A Microsoft SQL Server Database Administrator’s Daily Bread: Killing Processes

A few years ago, I started on a path to become a database administrator and read many articles on the Internet on how to break into that field.  There were a lot of articles out there, but I don’t remember finding many that offered practical knowledge (i.e. advice on what problems database administrators might encounter on a day-to-day basis).  Please note that at the time I am writing this article, I am not officially a database administrator within my organization, but I do perform database related duties and wanted to share my experience with you.

Working for a hosting company, our customers do not have complete access/control over their databases which is understandable since you are offloading management duties to the hosting company.  Learning how to correctly kill a process can be essential to getting a database back in working order, and here’s a list of the occasions where I’ve had to do it:

1) The database had open transactions causing a database lock.
2) The database somehow got set to SINGLE_USER mode, the customer was still logged in, and it needed to be set back to MULTI_USER mode (This works 9 times out of 10.  Sometimes, the person is logged in with SQL Server Management Studio, and you won’t be able to kill the process.  In that case, you just ask the customer politely to log off.)
3) Trying to bring a database online/offline, and it gets stuck.
4) The database Auto-Close setting got set to true or on.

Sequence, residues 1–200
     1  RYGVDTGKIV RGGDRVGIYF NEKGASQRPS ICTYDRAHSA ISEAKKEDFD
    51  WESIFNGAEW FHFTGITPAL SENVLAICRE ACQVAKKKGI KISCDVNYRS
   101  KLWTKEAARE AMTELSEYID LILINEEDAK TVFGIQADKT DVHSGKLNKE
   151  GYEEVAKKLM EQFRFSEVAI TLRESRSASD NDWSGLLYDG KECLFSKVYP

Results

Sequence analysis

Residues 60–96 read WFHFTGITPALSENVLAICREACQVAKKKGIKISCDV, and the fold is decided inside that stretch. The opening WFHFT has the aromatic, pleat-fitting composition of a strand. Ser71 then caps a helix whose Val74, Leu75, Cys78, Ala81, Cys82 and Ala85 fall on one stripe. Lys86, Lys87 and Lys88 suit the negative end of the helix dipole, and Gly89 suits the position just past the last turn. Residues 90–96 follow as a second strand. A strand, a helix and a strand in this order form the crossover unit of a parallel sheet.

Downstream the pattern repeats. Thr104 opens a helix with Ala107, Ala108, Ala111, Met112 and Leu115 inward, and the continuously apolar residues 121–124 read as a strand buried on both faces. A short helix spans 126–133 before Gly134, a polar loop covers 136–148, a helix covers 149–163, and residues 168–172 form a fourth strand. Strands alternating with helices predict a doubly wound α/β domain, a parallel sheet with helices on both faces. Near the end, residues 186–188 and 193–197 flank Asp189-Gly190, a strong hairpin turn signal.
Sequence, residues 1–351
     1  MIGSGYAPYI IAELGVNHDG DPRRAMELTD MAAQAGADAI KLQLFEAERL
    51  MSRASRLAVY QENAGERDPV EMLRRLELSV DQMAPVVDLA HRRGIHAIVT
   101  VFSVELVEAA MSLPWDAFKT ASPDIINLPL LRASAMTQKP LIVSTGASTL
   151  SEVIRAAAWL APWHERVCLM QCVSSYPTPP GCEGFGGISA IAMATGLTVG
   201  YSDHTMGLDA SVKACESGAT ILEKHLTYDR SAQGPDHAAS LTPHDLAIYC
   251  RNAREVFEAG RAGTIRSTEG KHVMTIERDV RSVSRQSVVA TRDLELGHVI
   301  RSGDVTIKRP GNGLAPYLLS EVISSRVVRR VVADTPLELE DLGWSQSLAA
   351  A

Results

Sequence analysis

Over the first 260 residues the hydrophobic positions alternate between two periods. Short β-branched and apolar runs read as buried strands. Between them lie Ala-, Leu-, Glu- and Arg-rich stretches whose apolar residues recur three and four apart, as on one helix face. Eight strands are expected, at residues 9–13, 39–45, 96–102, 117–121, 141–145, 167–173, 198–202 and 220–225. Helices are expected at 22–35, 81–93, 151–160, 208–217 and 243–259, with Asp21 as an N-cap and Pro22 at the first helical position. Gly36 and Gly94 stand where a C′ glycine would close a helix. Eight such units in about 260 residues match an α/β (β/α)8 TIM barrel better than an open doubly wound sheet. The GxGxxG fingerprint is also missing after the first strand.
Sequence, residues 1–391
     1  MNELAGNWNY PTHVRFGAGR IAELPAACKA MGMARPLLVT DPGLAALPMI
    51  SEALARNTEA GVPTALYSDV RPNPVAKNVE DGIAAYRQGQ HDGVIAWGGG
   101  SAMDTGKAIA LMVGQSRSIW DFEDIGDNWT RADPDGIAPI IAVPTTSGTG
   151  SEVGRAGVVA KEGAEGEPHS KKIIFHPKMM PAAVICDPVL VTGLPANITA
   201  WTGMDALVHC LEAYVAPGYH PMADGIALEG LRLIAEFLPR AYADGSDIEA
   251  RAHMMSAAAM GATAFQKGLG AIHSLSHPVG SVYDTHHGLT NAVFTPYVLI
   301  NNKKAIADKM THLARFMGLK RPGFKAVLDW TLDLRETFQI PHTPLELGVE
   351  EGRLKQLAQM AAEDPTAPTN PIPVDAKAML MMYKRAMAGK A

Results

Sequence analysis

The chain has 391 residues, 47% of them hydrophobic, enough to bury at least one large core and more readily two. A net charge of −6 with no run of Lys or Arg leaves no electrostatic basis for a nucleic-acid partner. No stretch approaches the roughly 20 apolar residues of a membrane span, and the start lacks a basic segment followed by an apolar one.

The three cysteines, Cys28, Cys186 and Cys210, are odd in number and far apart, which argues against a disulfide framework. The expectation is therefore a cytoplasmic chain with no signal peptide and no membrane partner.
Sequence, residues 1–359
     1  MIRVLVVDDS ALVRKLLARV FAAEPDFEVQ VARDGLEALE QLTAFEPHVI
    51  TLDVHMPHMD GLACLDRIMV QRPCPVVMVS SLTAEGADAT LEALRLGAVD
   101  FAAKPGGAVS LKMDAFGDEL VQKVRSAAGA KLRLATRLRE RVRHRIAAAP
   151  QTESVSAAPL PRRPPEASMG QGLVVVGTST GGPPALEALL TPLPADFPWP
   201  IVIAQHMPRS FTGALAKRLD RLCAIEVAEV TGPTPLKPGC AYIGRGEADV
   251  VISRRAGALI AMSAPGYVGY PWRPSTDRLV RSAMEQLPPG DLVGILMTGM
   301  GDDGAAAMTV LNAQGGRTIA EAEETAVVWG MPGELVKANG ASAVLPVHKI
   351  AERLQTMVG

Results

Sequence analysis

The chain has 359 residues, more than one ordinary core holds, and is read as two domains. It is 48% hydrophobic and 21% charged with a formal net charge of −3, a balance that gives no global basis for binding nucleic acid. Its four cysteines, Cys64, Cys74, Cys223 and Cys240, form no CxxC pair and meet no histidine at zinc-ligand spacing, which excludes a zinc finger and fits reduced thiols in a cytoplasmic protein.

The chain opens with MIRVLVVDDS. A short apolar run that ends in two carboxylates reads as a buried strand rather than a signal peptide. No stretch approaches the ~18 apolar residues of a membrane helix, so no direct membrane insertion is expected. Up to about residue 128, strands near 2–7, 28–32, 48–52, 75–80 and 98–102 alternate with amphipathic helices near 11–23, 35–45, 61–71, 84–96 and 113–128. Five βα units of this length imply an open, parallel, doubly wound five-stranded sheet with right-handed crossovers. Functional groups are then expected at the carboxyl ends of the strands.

5) Database Attach/Backup/Restore jobs which get stuck.

There are probably many ways to do this, but I found this to be the simplest to understand:

1) Make sure you’re logged in with an account that has SQL Server Administrator privileges using SQL Server Management Studio.
2) Open a New Query window and type in the following replacing DatabaseName with the name of the database.


SELECT DB_ID(N'DatabaseName') AS [Database ID]

3) It should return a number in the Results windows.

DatabaseID Results Window

4) Enter the next set of T-SQL commands in the same or new window replacing # with the Database ID number from the Results window.  If you are doing this in the same window, remember to highlight only the following code and then hit F5 or the Execute button so that you will not be executing other T-SQL statements.



5) You should get a set of results like the one below.


6. To kill the process, look at the spid number and type in the following in the Query window replacing SPID# with the actual number.


For open transactions, if the number is greater than 0, then that most likely is the process that is causing the problem, and you can just kill that one.  Familiarize yourself with the column names and their meanings as they will help you identify which processes you should be removing.  Sometimes, I’ve had to clear all the processes associated with the database so that I could execute other commands to perform maintenance on it.  As with anything, use the kill command with great caution and care as you don’t want to be killing system related processes that could crash the SQL Server engine or cause corruption to your databases.

Installing MongoDB 2.6 and Configuring It as a Windows Service (Windows 8.1)

It took me a few days to figure it out after reading many blog posts that were only helpful in setting up prior versions and appeared to be carbon copies of each other, but I hope my post will prove to be a little more accurate than the others.  Please note these instructions are specific to MongoDB version 2.6 and Windows 8.1, and this is what worked for me.